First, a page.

Even though the Model G-20 Summit had come and gone a little over a month ago, the reverberations of the mock diplomatic negotiations were still a little raw for several of the students who participated in the worldwide conference held at the Hynes Convention Center in February.
Enter Revere High student Shiara Pyrrhus, who was on the Rwandan diplomatic team, and Adam Fazazi, who represented Nigeria. While both worked within the African Union on a larger diplomatic team, Pyrrhus and Fazazi had an entirely different view of the outcome of their negotiations – several weeks later during an interview with the Journal.
“I did a lot of trades,” said Fazazi. “I worked a lot with Argentina and South America. We didn’t end up working with the African union much because it wasn’t in our best interest to cooperate because we needed the same thing.”
Across the table at Revere High, the emotions were still raw for Pyrrhus.
“Exactly!” she exclaimed. “That’s the reason why we have a union and why you should have worked within the union…It was unnecessary and rude and not diplomatic!”
But Fazazi and his other diplomats representing Nigeria saw it differently.
“We needed a quick solution and something short-term and not long-term,” he said, defending his actions. “I had to get the best deal in five days. We had to do what we had to do.”
The raw emotions were just an example of how inspired students were during, and even after, the G-20 Mock Summit last month – which brought together students from all over the world to participate in a diplomatic exercise that was to be as close to the real thing as possible.
In all, 15 students from Revere High were able to attend, the only Massachusetts school able to send a full contingent, due to a grant won by a teacher at RHS.
Students traveled from China, Peru, Egypt, the United Kingdom, and other parts of the world to Boston to participate.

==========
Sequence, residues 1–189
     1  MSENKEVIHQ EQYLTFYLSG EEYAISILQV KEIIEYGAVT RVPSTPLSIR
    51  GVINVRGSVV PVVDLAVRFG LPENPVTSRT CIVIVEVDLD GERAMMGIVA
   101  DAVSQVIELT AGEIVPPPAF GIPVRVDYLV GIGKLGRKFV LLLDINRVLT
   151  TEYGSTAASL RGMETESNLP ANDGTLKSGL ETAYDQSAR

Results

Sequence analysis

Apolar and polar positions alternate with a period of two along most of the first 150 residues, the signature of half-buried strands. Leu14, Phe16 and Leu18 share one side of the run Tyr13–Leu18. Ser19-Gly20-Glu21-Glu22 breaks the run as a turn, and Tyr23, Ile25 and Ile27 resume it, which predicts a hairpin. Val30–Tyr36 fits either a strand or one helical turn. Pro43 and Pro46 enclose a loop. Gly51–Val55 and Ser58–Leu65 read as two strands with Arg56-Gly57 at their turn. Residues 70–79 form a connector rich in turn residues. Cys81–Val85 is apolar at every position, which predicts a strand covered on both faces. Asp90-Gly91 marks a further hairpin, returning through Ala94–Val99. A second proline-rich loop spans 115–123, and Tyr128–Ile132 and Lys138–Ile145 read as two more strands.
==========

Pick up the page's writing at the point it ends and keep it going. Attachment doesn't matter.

Following two days at Harvard for some prep work, the Revere contingent joined the rest of the students to begin working on worldwide problems using diplomacy and negotiation.
Each student was assigned to a ministry (a subject matter such as education or agriculture or labor) and to a country. For example, Pyrrhus represented Rwanda and Fazazi represented Nigeria. Students from Revere were placed at random with students from other parts of the world – and they were expected to overcome language and cultural barriers on the fly in order to begin working to solve the problems put before them.
“In some instances there is a language barrier, but at the end of the day we have the same things in common,” said Somaya Laroussi.
Seba Ismail said they were used to diversity being from Revere High, but this was something new.
“Because we’re from Revere High, we’re used to diversity of cultures,” she said. “This was an entirely new sort of diversity though. You have kids from other countries with entirely different cultures. I’m never had that experience before.”
Fazazi said he got to spend a lot of time with some of the kids from China, which was an eye-opening experience for him.
“Speaking to the kids from China was really different for me – talking about how much they study and how long they go to school,” he said. “Their typical school day continues at night from 6:30 to 9 p.m. They are at school all day and then come home to study and go back to school. I got into some really deep conversations with them about what they thought of their government.”
Pyrrhus said one thing they found was the Chinese students picked an American name that was different than their Chinese names.
“That was weird because on the one hand they had their real name, but they said to just use the American name they picked,” she said. “I didn’t feel right about that and I learned how to say their name in Chinese because the English name they had wasn’t their real name. I tried my best to get the name right because many people give up and that’s why they have this English name…It was about authenticity for me.”
In the end, the students agreed they learned a lot about diplomacy, and said they had one of the great experiences of their high school careers.